With more data available than ever before, banks are facing unprecedented pressure – both internally and externally – for granular data and sophisticated analytics.
Sonia Dribek, Associate Partner, Management Consulting – KPMG Luxembourg
With more data available than ever before, banks are facing unprecedented pressure – both internally and externally – for granular data and sophisticated analytics. Success has long required speed and accuracy, but today’s complex ﬁnancial markets demand these attributes at levels beyond what humans can provide. Hence, the rise of artiﬁcial intelligence (AI). By Sonia Dribek, Paru dans l’ITnation mag de Juin 2017
AI’s value is that it can process multiple datasets concurrently and reliably. Unlike humans, AI engines are, if programmed well, unbiased; plus, machine learning means that systems improve over time. Paired with human intelligence, AI systems can learn even faster, resulting in a unique synergy of competences. BCBS 239 is a regulation focused on data governance and quality as well as on creating sustainable IT-architecture platforms in banks. Merely complying with it means huge investments alongside great efforts to change internal mindsets towards a “know-your-data” culture.
In reality, this regulation is a chance to compete by investing in sustainable data management and IT. Additionally, the Supervisory Review and Evaluation Process (SREP) requires banks to abolish the silo approach of their legacy systems, and instead take a holistic approach to managing liquidity, risks and business. This requires data that is veritable and versatile. Thus, AI is a natural desideratum: it provides sophisticated modelling, scenario analysis and predictive analysis. With it, banks could meet regulators’ demands by giving them more insight on risks to ﬁnancial stability, while honing the efﬁciency, effectiveness and results of risk and ﬁnance processes.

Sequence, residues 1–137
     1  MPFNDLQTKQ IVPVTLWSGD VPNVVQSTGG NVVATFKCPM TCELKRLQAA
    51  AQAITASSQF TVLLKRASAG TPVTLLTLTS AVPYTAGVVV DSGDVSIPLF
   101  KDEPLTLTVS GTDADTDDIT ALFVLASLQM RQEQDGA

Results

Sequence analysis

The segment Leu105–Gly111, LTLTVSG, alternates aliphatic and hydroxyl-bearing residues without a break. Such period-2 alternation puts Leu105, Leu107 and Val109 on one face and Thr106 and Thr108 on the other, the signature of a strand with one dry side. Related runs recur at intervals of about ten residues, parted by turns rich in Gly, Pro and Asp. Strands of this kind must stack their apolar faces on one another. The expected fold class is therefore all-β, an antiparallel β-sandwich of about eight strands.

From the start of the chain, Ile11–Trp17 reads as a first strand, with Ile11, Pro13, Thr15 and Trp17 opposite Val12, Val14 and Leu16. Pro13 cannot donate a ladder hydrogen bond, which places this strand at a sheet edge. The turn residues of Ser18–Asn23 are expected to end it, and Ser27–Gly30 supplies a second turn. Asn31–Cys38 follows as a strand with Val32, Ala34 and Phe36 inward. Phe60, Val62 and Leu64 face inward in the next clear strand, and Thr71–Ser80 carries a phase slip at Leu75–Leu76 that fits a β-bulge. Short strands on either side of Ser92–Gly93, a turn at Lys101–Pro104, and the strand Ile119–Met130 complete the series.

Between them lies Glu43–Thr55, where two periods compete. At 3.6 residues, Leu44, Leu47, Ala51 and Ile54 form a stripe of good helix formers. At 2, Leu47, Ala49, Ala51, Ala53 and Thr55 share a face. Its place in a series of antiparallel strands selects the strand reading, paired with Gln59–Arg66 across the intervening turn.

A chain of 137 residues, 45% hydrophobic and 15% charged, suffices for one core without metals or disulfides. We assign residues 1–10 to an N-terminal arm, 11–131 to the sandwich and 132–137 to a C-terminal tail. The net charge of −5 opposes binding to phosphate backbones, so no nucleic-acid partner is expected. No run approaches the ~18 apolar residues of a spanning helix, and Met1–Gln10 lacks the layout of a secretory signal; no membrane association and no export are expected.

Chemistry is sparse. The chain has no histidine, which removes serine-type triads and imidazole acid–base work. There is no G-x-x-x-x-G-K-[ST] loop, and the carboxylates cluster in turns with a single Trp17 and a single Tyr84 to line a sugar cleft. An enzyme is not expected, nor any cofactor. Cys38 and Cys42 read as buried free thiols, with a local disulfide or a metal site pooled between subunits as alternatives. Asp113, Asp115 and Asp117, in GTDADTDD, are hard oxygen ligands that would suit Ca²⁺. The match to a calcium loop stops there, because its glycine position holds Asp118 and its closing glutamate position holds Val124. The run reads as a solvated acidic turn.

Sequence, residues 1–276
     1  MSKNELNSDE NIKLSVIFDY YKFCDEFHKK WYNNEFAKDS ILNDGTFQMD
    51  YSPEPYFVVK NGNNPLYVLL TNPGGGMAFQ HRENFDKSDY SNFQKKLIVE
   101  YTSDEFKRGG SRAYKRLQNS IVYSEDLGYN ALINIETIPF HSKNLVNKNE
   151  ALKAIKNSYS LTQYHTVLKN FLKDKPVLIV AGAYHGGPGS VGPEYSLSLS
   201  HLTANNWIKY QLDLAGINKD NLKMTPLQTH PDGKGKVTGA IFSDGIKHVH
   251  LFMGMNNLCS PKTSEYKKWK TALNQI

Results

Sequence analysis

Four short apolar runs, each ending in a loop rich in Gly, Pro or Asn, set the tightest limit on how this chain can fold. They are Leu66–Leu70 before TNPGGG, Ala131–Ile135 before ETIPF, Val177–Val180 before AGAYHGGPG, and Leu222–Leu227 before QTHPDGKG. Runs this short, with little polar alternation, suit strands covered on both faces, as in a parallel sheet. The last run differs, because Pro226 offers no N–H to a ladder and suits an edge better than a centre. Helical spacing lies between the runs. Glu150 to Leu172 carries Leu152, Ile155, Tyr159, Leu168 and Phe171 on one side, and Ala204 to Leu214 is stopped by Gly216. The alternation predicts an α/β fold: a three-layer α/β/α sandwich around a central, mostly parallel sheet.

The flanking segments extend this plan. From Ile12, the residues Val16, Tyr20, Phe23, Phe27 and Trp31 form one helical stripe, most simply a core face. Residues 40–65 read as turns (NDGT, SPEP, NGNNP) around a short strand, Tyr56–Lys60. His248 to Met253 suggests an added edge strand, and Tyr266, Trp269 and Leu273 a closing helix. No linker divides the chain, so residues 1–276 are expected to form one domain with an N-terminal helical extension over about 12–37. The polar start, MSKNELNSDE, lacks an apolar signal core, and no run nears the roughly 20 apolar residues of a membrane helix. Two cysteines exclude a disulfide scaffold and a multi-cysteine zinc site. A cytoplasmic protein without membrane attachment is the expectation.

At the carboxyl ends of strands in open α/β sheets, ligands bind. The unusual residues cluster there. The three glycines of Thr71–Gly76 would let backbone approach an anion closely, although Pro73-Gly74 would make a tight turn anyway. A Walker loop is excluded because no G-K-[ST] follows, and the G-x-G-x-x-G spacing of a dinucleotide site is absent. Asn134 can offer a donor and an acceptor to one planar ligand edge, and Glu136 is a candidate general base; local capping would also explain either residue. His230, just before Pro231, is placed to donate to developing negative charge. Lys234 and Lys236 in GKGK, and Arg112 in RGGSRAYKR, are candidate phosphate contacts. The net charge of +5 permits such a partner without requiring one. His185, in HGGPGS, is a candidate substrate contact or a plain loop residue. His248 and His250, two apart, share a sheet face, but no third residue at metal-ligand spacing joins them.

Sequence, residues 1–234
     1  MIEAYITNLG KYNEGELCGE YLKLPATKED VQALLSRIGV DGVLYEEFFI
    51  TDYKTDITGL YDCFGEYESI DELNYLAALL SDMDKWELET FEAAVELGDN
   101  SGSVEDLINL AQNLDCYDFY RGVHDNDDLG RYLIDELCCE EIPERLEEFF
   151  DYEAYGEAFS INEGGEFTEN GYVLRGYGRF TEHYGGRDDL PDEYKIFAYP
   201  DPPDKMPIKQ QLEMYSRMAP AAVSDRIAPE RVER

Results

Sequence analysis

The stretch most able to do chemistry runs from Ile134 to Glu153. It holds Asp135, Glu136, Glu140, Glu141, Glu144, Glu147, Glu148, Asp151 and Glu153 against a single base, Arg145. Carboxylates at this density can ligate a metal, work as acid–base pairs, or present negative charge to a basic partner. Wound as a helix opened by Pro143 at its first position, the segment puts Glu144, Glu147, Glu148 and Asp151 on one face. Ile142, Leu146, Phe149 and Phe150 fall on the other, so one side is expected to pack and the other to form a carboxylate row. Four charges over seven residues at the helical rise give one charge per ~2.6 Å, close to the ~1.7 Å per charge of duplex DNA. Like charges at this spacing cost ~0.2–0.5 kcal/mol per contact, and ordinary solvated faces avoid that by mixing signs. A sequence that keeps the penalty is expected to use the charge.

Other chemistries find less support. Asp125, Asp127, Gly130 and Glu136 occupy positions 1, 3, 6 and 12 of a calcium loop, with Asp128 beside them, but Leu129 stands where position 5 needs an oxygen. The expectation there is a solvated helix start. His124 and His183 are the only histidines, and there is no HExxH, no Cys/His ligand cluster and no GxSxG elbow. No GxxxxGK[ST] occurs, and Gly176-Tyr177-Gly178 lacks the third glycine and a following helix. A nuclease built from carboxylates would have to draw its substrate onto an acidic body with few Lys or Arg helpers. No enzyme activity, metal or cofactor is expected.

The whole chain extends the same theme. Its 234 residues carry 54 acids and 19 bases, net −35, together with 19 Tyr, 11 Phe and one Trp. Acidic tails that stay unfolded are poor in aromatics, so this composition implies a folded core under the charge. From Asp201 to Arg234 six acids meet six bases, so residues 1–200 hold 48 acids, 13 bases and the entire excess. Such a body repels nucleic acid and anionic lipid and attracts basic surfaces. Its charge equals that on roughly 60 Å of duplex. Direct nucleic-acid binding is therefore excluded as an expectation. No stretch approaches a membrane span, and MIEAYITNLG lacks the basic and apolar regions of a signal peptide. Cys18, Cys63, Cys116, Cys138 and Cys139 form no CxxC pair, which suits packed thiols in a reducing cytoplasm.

Indeed, increasing pressure by regulations like PSD2 will more or less force banks to use AI to manage their data. Robotics will surely become vital in ensuring security, mitigating risks and managing avalanches of data ﬂows. Banks are already eyeing RegTech tools and partnerships, seeking efﬁcient compliance solutions to current regulation; the proactive ones are looking ahead to AI. Key to consider is that bringing AI into a low-data-quality environment will do more harm than good, and that external data ownership issues may need solving.
Currently, global systemic banks are implementing BCBS 239. Many will ultimately succeed in turning a regulatory burden into a value-adding opportunity. However, some small and medium-sized banks hesitating to evolve, perhaps not seeing the value of doing so, might miss the opportunity.